I do think not allowing same sex marriage is unjust, because gay people are not being allowed the same rights as straight people. Therefore, I agree with King and any law banning same-sex marriage should not be abided by, because if a law is unjust there is no reason for people to follow it. The government needs to make sure that all people, of all sexual orientation, are allowed the same civil rights. People should even engage in civil disobedience if they feel strongly enough about this cause, as I feel this cause is justified and change is long overdue.

  3. adamskt Says:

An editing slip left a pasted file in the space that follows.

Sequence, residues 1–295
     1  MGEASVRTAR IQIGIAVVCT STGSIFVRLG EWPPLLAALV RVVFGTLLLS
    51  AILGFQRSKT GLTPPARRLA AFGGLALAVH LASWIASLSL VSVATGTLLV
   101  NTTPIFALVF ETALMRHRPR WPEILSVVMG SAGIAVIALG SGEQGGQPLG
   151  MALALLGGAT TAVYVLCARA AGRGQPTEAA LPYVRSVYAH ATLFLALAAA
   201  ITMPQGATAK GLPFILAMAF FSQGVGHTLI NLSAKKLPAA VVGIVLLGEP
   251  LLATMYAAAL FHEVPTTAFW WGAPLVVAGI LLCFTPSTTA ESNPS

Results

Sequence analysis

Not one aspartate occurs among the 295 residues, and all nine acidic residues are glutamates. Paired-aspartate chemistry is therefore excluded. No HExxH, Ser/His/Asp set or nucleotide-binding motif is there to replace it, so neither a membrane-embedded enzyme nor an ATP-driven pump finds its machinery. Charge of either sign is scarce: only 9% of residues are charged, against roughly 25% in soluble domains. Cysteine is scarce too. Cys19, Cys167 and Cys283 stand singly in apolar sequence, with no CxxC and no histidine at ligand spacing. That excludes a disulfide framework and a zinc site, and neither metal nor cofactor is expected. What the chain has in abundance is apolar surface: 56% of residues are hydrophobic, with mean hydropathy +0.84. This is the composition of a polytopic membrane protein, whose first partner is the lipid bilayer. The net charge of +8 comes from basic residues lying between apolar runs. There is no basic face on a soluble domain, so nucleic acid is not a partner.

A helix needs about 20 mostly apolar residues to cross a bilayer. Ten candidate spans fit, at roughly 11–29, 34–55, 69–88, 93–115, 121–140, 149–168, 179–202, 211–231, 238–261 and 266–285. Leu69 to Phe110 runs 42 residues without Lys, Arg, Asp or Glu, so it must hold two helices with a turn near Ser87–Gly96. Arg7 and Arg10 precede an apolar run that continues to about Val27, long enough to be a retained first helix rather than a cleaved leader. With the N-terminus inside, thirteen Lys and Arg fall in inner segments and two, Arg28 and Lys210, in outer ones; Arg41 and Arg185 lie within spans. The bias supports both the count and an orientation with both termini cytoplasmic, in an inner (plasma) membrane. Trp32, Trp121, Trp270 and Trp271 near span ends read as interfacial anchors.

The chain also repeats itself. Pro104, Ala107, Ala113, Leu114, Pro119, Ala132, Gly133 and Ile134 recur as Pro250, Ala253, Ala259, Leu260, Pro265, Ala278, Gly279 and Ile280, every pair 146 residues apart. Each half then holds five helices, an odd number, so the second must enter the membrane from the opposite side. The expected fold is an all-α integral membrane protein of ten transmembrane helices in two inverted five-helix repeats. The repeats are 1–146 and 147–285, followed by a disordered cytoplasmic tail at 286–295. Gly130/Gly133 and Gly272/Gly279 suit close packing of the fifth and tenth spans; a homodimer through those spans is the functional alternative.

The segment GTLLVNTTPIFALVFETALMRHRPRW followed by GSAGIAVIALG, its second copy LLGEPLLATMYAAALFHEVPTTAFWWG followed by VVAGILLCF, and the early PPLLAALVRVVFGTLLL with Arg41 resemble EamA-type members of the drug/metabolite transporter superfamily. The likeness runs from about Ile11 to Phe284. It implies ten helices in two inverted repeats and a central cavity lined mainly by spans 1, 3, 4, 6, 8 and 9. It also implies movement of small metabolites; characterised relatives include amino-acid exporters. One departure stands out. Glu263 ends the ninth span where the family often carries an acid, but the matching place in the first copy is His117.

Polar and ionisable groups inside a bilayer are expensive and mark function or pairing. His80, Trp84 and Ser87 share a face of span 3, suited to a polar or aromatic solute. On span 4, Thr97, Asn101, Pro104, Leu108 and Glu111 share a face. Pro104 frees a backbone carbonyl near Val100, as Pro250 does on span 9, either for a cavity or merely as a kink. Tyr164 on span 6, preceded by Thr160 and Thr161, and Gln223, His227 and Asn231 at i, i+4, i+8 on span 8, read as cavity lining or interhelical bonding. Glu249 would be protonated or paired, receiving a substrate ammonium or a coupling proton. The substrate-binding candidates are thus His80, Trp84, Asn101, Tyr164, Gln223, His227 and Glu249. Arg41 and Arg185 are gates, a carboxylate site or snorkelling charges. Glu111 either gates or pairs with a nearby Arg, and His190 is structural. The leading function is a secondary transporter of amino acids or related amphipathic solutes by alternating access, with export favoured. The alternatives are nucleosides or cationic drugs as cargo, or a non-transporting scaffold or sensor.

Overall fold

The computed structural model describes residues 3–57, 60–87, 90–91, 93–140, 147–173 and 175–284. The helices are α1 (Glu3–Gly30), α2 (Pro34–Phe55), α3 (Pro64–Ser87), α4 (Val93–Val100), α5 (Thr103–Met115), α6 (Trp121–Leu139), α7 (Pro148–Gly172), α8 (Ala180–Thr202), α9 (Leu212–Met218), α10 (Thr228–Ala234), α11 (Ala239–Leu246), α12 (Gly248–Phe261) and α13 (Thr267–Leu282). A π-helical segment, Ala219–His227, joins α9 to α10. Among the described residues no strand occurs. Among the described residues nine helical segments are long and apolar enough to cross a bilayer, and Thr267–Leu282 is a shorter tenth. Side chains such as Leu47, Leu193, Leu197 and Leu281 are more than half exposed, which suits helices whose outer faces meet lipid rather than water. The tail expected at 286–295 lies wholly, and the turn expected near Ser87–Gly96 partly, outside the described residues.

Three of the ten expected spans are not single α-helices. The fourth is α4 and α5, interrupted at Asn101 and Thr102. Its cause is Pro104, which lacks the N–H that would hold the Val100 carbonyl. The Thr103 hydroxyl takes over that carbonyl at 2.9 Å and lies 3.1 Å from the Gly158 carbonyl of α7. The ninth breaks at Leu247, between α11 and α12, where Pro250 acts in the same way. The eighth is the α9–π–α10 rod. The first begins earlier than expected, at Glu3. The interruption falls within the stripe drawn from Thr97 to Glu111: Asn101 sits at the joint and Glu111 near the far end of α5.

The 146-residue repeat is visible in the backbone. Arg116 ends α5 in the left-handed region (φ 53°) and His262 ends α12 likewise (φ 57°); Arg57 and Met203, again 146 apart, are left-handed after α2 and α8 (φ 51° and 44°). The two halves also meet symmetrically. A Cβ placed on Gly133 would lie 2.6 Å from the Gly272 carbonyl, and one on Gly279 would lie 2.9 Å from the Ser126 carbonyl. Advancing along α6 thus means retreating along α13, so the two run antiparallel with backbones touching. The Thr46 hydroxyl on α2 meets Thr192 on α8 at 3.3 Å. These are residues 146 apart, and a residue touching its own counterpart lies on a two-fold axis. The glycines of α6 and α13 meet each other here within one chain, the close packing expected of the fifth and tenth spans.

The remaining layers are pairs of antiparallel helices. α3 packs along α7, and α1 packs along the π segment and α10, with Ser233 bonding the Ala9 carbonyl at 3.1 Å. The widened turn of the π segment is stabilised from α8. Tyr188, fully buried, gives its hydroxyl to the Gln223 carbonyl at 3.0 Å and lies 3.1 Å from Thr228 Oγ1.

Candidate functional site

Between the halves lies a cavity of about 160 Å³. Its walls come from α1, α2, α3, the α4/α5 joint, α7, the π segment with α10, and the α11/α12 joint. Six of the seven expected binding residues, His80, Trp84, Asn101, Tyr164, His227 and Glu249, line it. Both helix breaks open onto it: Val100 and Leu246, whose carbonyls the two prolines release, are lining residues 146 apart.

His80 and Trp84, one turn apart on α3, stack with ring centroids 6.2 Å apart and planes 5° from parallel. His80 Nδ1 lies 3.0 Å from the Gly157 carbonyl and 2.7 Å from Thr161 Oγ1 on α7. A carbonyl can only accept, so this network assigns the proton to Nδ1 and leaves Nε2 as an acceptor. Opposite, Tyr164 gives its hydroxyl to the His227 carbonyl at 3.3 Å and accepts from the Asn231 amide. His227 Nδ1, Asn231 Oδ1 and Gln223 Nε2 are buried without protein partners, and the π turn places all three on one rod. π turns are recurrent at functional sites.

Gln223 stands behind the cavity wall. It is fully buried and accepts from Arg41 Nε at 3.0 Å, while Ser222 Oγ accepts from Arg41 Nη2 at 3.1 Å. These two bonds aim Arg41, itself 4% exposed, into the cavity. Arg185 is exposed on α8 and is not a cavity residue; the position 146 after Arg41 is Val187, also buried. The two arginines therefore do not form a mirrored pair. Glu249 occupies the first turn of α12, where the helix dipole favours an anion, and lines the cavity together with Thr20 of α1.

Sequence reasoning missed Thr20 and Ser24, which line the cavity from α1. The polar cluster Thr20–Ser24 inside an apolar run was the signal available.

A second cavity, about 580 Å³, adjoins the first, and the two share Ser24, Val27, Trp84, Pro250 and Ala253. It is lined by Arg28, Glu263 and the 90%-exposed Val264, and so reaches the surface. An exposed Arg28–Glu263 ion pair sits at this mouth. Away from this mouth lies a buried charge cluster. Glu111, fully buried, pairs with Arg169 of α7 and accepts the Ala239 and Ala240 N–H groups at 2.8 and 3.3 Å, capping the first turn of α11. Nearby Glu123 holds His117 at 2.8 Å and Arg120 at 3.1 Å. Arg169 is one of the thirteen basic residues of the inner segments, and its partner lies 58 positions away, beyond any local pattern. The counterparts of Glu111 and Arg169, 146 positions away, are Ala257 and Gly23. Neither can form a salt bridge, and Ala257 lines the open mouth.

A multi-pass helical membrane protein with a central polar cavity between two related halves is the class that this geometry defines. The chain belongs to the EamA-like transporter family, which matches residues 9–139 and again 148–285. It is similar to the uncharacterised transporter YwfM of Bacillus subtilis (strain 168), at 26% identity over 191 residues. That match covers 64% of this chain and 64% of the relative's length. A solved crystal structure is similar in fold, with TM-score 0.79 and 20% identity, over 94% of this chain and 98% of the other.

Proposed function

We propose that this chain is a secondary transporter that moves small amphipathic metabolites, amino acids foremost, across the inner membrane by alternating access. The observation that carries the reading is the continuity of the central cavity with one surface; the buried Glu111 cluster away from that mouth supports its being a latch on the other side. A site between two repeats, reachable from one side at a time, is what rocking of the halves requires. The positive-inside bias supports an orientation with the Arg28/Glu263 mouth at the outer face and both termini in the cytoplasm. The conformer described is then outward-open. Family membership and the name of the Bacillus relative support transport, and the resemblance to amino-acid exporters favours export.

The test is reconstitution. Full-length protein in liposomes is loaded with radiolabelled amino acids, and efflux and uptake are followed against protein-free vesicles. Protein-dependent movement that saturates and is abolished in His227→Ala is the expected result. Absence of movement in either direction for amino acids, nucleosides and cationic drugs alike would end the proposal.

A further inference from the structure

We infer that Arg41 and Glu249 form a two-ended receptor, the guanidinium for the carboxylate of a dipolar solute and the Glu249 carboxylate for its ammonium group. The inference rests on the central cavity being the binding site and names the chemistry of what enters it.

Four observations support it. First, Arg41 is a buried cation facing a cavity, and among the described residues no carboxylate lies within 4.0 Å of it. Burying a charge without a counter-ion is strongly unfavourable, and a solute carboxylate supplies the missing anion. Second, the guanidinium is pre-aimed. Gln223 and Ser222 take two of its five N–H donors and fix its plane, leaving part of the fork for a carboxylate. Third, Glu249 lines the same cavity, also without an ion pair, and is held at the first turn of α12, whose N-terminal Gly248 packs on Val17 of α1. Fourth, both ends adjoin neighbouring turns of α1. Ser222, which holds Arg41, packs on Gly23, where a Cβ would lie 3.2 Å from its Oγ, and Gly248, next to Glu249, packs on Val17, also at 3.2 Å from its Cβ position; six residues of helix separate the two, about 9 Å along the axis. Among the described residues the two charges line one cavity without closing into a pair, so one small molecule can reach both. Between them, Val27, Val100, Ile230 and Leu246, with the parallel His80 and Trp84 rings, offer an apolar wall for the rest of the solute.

You ask at the end of your post whether it is just for homosexuals to not be allowed to marry, and my opinion is that it is not just. Preventing them from marrying their preference is inherently unjust, even based on Michelle Bachmanns’ reasoning that homosexuality is “sexual dysfunction.” Although I may not believe her ideas myself, even if this were the case, that would not be enough of a reason for a ban on same-sex marriage. Actions based upon other types of biological dysfunctions are not made illegal by our government. Dr. Martin Luther King, Jr., says that there are three reasons that a law could be considered unjust: if it is a bad law, if the law is abused, or if a law is not enforced. In my opinion, the ban on same-sex marriage is an unjust law because it is a bad law. The basis for this law does not seem strong enough when facing arguments against it. However, my view on whether it is a bad or good law is subjective, and I do not think that is enough to categorize something as just or unjust overall. I do agree with the author of this post when he says that the majority of Americans today support the ban on same-sex marriage. The main proof for this is the fact that our democratic system has allowed it to stay in place for so long. The law is put in place by a majority who are willing to follow the law, and the law is clearly enforced. Before legalization of same-sex marriage in a given state, it is not possible to break the law, since it will simply not be recognized by the state. Based on this and on Dr. King’s standards, the law could be considered a good law.